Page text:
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Ecology

Habitat

Depth range based on 31 specimens in 1 taxon.
Water temperature and chemistry ranges based on 11 samples.

Environmental ranges
  Depth range (m): 3.75 - 20
  Temperature range (°C): 6.108 - 8.813
  Nitrate (umol/L): 1.311 - 4.154
  Salinity (PPS): 6.043 - 6.494
  Oxygen (ml/l): 7.982 - 8.496
  Phosphate (umol/l): 0.195 - 0.296
  Silicate (umol/l): 6.763 - 15.133

Graphical representation

Depth range (m): 3.75 - 20

Temperature range (°C): 6.108 - 8.813

Nitrate (umol/L): 1.311 - 4.154

Salinity (PPS): 6.043 - 6.494

Oxygen (ml/l): 7.982 - 8.496

Phosphate (umol/l): 0.195 - 0.296

Silicate (umol/l): 6.763 - 15.133
 
Note: this information has not been validated. Check this *note*. Your feedback is most welcome.

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Molecular Biology and Genetics

Molecular Biology

Barcode data: Cercopagis pengoi

The following is a representative barcode sequence, the centroid of all available sequences for this species.


There are 3 barcode sequences available from BOLD and GenBank.

Below is a sequence of the barcode region Cytochrome oxidase subunit 1 (COI or COX1) from a member of the species.

See the BOLD taxonomy browser for more complete information about this specimen and other sequences.

NNNNNNNNNNNNNNNNNNNNNNNNNNNNNNNNNNNNNNNNNNNNNNNNNNNNNNNNNGGAATCTGAGCTGGAATAGTGGGAACTGCTTTAAGTATGCTAATTCGTGCTGAATTAGGTCAAGCAGGAAGACTAATTGGGGATGATCAGATCTACAATGTAGTAGTAACAGCCCACGCTTTCATTATAATTTTCTTCATGGTAATACCAGTAATAATTGGAGGTTTTGGAAATTGACTTGTCCCTCTGATGGTAGGGGCCCCTGATATGGCTTTCCCTCGACTTAATAATCTTAGTTTCTGATTCCTTCCCCCTGCTTTAACTCTACTTCTAGTTGGAGGTGCAGTAGAAAGAGGGGCAGGGACTGGATGGACAGTGTACCCCCCTCTTTCAGCTGGTATCGCACATGCTGGAGCATCAGTAGATTTAAGTATTTTCTCCCTTCACTTGGCTGGGATCTCTTCTATTTTAGGAGCTATTAACTTCATTACTACTATCGTAAATATACGATCTCAAGGTATAACTTTAGACCGACTACCGTTATTTGTTTGAGCTGTTGGAATCACAGCCTTACTTCTTCTATTAAGTCTACCTGTTTTAGCAGGAGCAATTACAATACTGCTTACAGATCGAAATTTAAACACATCGTTCTTTGACCCAGCAGGAGGAGGAGATCCTATTCTGTATCAACATCTATTC
-- end --

Download FASTA File

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Statistics of barcoding coverage: Cercopagis pengoi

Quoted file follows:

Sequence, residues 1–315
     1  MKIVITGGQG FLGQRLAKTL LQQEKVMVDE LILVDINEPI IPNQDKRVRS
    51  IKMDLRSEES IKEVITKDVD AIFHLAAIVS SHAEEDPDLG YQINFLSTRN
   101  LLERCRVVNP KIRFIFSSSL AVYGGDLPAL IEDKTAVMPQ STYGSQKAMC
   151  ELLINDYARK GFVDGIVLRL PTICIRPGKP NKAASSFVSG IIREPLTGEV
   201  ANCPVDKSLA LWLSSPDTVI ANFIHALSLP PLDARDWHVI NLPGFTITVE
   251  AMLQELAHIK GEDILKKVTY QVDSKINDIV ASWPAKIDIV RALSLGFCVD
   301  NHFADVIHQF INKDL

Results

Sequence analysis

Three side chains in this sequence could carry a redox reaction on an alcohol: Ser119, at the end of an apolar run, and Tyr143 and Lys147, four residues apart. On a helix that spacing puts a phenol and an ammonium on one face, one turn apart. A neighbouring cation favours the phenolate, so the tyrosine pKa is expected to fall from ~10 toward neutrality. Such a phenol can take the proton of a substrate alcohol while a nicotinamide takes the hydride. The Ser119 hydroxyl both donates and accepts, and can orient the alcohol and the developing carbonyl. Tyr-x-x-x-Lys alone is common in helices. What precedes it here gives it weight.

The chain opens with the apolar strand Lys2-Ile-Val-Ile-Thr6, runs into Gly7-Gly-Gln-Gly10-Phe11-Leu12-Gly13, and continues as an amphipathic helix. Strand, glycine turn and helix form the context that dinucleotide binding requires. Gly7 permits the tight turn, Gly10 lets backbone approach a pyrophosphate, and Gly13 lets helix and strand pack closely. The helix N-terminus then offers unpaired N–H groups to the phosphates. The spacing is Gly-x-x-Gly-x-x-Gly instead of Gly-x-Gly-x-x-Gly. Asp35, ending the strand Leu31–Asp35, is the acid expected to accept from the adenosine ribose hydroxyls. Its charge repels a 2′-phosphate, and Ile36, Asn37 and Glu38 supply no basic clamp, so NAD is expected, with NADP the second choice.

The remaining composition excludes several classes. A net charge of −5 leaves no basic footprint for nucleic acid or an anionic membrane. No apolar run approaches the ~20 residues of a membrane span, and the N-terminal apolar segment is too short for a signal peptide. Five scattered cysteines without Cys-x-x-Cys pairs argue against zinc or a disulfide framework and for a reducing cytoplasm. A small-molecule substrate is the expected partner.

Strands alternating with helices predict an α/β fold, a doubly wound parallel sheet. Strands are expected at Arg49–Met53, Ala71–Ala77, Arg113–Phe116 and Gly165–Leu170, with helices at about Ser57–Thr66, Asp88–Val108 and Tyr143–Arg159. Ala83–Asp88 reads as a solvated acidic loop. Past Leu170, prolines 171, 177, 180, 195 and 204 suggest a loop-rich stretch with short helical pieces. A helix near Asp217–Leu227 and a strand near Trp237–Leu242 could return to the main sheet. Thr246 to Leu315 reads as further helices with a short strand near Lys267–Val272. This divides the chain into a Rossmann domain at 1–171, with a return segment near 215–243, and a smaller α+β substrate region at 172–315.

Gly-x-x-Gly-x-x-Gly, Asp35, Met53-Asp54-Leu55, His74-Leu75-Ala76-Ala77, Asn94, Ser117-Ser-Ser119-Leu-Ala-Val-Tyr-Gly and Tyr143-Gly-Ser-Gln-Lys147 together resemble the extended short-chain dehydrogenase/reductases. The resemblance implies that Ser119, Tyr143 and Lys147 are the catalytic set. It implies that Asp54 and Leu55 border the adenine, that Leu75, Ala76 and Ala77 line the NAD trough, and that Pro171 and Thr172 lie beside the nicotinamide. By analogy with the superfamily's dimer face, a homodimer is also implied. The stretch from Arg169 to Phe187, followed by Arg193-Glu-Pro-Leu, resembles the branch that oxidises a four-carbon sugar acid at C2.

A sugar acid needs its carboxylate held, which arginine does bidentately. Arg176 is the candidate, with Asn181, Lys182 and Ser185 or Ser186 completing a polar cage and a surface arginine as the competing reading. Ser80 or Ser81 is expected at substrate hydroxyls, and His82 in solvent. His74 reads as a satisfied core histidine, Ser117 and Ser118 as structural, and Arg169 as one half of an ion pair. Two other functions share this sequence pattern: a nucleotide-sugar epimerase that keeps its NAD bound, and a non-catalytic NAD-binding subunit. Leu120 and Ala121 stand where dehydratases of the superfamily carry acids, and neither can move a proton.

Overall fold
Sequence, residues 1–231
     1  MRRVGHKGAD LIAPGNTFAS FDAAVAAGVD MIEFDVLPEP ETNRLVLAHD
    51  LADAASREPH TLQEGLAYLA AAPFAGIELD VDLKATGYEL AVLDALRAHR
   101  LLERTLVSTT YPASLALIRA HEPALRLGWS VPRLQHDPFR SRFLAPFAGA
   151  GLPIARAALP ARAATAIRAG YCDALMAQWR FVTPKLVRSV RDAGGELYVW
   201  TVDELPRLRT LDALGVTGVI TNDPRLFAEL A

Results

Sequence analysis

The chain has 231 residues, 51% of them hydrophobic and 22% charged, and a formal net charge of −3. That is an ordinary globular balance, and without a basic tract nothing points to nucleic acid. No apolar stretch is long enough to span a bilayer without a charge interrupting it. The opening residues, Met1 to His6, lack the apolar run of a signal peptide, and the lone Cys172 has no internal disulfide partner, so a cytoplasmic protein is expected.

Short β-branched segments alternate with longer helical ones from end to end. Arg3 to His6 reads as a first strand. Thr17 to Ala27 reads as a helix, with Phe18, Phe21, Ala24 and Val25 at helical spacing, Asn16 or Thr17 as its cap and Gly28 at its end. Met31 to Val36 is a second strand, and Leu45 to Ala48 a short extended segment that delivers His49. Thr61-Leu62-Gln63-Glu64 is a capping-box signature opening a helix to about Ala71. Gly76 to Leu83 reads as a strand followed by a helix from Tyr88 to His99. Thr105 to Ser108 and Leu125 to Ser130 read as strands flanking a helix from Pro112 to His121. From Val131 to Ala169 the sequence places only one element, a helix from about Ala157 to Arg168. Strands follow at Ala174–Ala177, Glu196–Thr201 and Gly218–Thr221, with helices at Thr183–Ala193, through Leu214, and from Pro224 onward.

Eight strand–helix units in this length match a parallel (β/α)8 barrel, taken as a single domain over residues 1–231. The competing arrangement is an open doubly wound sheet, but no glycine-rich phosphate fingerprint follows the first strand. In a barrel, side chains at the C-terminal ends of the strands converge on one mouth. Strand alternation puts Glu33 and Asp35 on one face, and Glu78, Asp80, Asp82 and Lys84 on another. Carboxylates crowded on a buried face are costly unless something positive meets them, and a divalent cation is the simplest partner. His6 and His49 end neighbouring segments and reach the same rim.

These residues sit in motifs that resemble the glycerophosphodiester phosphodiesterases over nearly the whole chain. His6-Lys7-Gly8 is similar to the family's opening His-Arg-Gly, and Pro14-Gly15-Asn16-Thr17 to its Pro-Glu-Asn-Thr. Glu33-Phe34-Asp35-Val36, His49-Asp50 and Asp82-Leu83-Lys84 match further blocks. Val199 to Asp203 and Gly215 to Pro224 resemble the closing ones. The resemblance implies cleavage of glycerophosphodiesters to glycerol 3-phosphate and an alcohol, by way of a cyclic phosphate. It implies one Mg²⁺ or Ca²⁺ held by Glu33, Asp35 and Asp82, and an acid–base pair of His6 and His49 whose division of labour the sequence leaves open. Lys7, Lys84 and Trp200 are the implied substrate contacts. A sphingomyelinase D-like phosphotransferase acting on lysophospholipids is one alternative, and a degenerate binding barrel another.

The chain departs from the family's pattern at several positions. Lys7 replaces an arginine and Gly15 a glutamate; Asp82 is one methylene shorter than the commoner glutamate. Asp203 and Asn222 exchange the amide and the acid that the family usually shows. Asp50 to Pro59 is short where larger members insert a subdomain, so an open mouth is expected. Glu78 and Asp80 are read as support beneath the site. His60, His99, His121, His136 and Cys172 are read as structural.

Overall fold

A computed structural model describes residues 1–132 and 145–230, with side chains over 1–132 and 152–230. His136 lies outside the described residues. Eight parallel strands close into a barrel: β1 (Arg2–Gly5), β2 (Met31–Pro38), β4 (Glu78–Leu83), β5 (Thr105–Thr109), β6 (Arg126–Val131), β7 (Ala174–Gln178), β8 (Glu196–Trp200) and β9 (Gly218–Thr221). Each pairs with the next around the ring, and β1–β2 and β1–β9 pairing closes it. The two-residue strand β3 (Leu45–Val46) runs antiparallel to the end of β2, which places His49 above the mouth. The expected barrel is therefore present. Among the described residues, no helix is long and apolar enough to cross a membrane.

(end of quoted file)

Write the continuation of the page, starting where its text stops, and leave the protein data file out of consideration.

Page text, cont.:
Barcode of Life Data Systems (BOLDS) Stats
Public Records: 6
Specimens with Barcodes: 18
Species With Barcodes: 1
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Conservation

Conservation Status

National NatureServe Conservation Status

Canada

Rounded National Status Rank: NNA - Not Applicable

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NatureServe Conservation Status

Rounded Global Status Rank: G5 - Secure

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Wikipedia

Cercopagis pengoi

Cercopagis pengoi, or the fishhook waterflea, is a species of planktonic cladoceran crustacean that is native in the brackish fringes of the Black Sea and the Caspian Sea.[2] In recent decades it has spread as an invasive species to some freshwater waterways and reservoirs of Eastern Europe and to the brackish Baltic Sea. Further it was introduced in ballast water to the Great Lakes of North America and a number of adjacent lakes, and has become a pest classified among the 100 worst invasive species of the world.[2]

Cercopagis pengoi is a predatory cladoceran and thus a competitor to other planktivorous invertebrates and smaller fishes. On the other hand it has provided a new food source for planktivorous fishes. It is also a nuisance to fisheries as it tends to clog nets and fishing gear.[3]

References[edit source | edit]

  1. ^ "Cercopagis pengoi". Integrated Taxonomic Information System. 
  2. ^ a b "Cercopagis pengoi". 100 of the World's Worst Invasive Species. November 28, 2006. 
  3. ^ Birnbaum, C. (2006): Cercopagis pengoi. NOBANIS – Invasive Alien Species Fact Sheet.